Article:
Further heat-enhancing properties include an internal titanium lining and a 3.5mm thickness that, although thicker than standard gloves, still felt stretchy during both the catch and pull.

Verdict: Some of the warmest neoprene swim gloves around, and impressively supple too

Score: 91%



  • £26

Okay, it doesn’t do a great job of keeping you warm and isn’t consigned just to winter swims. Yet the Donut from aquatic-accessory specialists Swim Secure has plenty of off-season high-visibility appeal for low-level light conditions.

The Donut takes the common tow float to another level by offering a small, integrated dry bag ideal for carrying valuables such as keys and a phone – perfect if you’re swimming on a beach or your local open-water venue has yet to install lockers. Swim Secure recommend their £5 Phone Bag for added waterproofing and, although we’ve experienced no leaks as yet, we’d go along with that, even if it’s just for peace of mind.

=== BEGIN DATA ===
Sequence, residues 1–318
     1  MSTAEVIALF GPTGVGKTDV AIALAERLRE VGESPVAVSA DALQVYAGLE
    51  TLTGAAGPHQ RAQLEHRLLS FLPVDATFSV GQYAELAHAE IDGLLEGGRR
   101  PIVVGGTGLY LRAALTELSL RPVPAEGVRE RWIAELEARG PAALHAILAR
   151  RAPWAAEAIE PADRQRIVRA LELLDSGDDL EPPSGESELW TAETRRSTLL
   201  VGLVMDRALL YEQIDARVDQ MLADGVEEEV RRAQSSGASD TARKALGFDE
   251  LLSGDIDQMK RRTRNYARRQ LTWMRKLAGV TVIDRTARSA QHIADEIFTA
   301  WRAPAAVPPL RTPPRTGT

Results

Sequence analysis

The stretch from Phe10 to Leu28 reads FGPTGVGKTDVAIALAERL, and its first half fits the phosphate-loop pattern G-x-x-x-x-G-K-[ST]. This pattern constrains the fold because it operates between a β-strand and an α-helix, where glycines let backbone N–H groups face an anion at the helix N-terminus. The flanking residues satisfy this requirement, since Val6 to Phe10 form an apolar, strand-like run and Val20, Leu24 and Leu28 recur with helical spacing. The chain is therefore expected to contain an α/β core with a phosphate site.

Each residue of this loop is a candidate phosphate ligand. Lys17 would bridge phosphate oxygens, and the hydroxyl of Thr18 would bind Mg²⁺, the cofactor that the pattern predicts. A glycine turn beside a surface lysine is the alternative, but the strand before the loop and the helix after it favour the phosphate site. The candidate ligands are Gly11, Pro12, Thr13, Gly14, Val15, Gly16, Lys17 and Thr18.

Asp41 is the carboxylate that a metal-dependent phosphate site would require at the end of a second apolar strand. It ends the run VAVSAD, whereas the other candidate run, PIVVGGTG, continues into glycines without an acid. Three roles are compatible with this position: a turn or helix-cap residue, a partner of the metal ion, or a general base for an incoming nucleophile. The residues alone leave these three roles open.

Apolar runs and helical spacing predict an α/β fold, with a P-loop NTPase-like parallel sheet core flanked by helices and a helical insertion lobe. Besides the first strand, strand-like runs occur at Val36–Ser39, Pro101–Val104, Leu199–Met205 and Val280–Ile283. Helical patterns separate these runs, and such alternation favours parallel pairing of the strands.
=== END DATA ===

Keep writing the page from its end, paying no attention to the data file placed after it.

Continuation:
The Tow Donut secures around the waist via a leash and the overall lean weight ensures that it doesn’t obstruct your swim.

Verdict: Another neat variation on a standard swimming product

Score: 84%



  • £50

We’ve worn the Orca Wetsuit Base Layer under conventional tri wetsuits and also by itself as a single layer with a pair of shorts for warmer sea swims. With 0.5mm underarm panels combined with top-notch Yamamoto 39-cell SCS-coated neoprene, the top is flexible and comfortable on the skin.

Studies on the benefits of a base layer or vest for cold-water are few and far between, but anecdotally the jersey lining gave us the impression of added warmth and the long length and effective gripper on the waist hem keep cold-water intrusion to a minimum.

For truly cold swims, we’d opt for the thicker and tighter Zone3 Neoprene Warmth Vest (£42.50), but this has more versatility and is easier to remove. And it’s certainly a good start before forking out on a thermal wetsuit.

Verdict: Versatile, comfy and a more affordable intro into the world of cold-water kit

Score: 82%



  • £29.99

Huub’s £35 Varme thermal neoprene balaclava is possibly our favourite winter swim (and, yes, fancy dress) product of all time, preventing water ingress around the neck in a straightforward yet innovative way.

These neoprene swim socks from Huub keep the innovations coming with a split-toe design to keep the socks in place and prevent them rolling around the foot. While they achieve that, we just found the fitting odd and uncomfortable around/between the toes, and we were always conscious that we were wearing the boots (trying before you buy is key).